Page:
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Air crash in Indonesia

March 8th, 2007

Condolences to those who have lost family members and friends in the air crash in Indonesia yesterday. Of those killed or missing the only one whose name is known to me was Morgan Mellish, Jakarta correspondent for the Australian Financial Review, but others who died were serving our country, and of course any loss of life is a tragedy for the family concerned.

This is also a good time to think about the routine and preventable loss of life and limb on our roads, and about the far larger loss of life caused by poverty and disease around the world. As well as sharing the grief surrounding this tragic event we should act to ensure that such things become less common.

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  1. John
    March 8th, 2007 at 20:32 | #1

    Couldn’t agree more. I met Morgan Mellish a number of years ago and certainly offer condolences to his family and the families of the others involved.
    However, as you say, the world is full of tragedy and our responses seem totally out of proportion. Every day, approximately 30,000 children die of preventable disease or malnutrition. If we only we felt the same sense of loss for them.
    I would be interested in people’s thoughts as to what makes some tragedies big issues while others barely rate a mention.

  2. pablo
    March 8th, 2007 at 22:21 | #2

    This terrible accident does seem to be getting additional media attention probably because of the rank and profession of the survivors and the dead. Contrast it to the 15 killed in I believe, our worst commercial air accident at Lochhart River, far North Queensland in 2005? Or the estimated 600 000 dead and four million refugees from post 2003 Iraq. Shock and awe indeed.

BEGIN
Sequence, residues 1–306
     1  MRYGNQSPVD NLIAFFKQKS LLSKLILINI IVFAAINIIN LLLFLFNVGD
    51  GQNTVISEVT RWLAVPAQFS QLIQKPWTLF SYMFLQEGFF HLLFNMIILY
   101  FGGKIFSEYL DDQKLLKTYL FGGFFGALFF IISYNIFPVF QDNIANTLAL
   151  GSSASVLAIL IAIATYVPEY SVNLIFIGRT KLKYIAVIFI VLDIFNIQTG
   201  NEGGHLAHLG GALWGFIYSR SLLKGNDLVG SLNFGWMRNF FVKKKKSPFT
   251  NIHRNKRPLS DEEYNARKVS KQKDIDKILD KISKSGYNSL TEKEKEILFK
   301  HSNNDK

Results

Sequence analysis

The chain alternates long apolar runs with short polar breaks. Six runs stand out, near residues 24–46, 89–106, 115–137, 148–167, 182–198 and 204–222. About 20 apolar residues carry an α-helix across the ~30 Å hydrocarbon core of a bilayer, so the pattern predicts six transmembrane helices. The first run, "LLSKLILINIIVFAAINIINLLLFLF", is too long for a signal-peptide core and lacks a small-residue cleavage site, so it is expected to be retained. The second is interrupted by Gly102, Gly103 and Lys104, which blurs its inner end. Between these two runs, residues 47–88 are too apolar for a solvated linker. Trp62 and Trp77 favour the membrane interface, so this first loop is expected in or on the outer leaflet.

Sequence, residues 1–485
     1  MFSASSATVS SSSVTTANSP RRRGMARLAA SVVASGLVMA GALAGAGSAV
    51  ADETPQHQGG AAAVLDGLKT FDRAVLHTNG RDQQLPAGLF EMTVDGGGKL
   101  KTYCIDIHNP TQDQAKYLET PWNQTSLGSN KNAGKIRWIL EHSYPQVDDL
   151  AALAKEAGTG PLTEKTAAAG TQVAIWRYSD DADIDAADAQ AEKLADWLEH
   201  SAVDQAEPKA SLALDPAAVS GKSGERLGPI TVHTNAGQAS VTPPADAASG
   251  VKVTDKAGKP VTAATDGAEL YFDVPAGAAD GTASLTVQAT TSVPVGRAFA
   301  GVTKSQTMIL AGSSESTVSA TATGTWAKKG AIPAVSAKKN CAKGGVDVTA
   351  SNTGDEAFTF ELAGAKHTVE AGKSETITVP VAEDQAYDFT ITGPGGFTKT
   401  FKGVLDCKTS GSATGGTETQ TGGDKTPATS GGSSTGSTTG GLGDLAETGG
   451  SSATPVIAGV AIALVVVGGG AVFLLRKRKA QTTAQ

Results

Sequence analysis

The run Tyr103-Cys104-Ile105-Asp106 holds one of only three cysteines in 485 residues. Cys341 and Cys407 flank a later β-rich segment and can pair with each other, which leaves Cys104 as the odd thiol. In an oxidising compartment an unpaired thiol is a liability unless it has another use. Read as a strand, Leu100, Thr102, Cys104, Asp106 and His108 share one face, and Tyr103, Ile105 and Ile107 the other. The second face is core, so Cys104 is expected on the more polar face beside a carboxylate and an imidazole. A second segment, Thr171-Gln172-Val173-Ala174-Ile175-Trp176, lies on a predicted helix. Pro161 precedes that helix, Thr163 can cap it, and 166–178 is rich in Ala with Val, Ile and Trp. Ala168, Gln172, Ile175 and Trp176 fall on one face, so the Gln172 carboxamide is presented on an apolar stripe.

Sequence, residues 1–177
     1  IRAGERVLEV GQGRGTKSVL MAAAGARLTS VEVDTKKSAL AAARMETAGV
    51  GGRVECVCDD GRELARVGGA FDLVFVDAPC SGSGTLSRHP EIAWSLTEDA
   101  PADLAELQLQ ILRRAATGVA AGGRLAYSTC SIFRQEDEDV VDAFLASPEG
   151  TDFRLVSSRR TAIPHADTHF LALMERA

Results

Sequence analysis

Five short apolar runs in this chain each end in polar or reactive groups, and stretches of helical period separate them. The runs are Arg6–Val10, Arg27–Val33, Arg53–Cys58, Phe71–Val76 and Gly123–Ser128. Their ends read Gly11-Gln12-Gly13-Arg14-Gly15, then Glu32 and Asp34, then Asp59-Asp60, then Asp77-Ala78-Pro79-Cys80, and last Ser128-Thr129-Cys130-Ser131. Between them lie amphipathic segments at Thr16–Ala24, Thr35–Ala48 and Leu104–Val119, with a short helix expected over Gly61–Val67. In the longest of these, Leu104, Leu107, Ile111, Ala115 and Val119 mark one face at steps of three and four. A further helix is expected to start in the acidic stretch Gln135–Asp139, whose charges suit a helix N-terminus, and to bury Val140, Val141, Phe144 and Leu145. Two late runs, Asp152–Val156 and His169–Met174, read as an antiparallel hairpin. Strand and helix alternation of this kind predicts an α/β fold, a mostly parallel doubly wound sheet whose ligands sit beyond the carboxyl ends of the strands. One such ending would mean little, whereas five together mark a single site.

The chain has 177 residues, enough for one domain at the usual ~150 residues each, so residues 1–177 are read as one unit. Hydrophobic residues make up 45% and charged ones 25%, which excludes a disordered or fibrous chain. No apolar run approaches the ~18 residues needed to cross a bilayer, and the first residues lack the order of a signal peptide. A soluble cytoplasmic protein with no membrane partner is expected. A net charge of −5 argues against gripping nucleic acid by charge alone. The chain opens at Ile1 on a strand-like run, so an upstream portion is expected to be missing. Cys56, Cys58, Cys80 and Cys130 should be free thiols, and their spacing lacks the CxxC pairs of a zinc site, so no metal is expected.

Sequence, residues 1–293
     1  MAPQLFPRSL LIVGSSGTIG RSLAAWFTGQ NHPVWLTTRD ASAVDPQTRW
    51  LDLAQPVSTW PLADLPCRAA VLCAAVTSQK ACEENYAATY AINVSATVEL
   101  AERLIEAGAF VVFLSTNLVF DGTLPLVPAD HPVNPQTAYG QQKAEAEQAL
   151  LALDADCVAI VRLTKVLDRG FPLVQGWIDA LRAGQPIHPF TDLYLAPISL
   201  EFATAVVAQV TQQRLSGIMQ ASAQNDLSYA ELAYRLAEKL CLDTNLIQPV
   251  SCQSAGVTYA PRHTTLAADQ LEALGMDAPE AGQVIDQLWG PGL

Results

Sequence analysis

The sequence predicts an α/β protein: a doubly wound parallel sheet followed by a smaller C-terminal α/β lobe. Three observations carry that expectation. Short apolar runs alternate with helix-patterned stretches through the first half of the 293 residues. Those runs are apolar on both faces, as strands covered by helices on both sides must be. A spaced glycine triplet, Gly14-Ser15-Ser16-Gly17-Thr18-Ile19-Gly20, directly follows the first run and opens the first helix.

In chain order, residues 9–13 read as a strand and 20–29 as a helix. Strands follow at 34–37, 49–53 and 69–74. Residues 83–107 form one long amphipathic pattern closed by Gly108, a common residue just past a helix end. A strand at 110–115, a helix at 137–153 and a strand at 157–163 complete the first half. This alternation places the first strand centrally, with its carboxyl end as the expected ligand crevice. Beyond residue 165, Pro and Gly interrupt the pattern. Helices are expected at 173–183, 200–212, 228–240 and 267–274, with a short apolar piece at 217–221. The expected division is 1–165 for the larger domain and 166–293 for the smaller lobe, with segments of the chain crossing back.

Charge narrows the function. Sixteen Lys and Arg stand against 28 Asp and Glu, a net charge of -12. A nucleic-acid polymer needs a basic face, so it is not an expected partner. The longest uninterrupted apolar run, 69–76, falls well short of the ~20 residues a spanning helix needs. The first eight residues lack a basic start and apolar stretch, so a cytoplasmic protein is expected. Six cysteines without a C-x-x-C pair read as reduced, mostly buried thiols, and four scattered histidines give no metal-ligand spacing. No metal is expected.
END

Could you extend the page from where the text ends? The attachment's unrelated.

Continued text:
3. March 9th, 2007 at 02:16 | #3

    Commercial Airline accidents always make the news because the average person feels so helpless about it.

    Obviously many thousands of times more people are killed driving each year, but most people feel that they are in control of their own destiny while driving their car – regardless of the fact that they are much more likely to be killed.

    The same thing goes for disease – most people find it hard to understand death by malnutrition when food is always an arm’s length away.

    But when you are in a commercial airliner, your fate is entirely at the hands of the gods and the pilots (who you rarely even see). So it’s understandable why people are so nervous about it.

    That said though, Garuda have a really terrible safety record.

  4. Spiros
    March 9th, 2007 at 10:39 | #4

    Said John Howard this morning

    “I think it’s just a reminder that life is very unpredictable and when something like this happens it puts other things into their trivial perspective.”

    So true.

    Something to think about the next time we (as a nation) hyperventilate about who had lunch with Brian Burke, or whatever.

  5. March 11th, 2007 at 23:48 | #5

    Yeah, because the fact that a plane crashed means that corrupt politicians are a non-issue.

  6. Paul Walter
    March 17th, 2007 at 12:06 | #6

    I had a friend most upset at the vulgar treatment by media of the tragic Cynthia Banham, who was filmed intrusively in voyeuristic fashion as she lay unconscious, half-naked and burnt to a crisp, before she had her legs amputated.

  7. Spiros
    March 20th, 2007 at 17:30 | #7

    “Yeah, because the fact that a plane crashed means that corrupt politicians are a non-issue.”

    On reflection, I agree with you Yobbo.

    So whaddya reckon about Santo Santoro?

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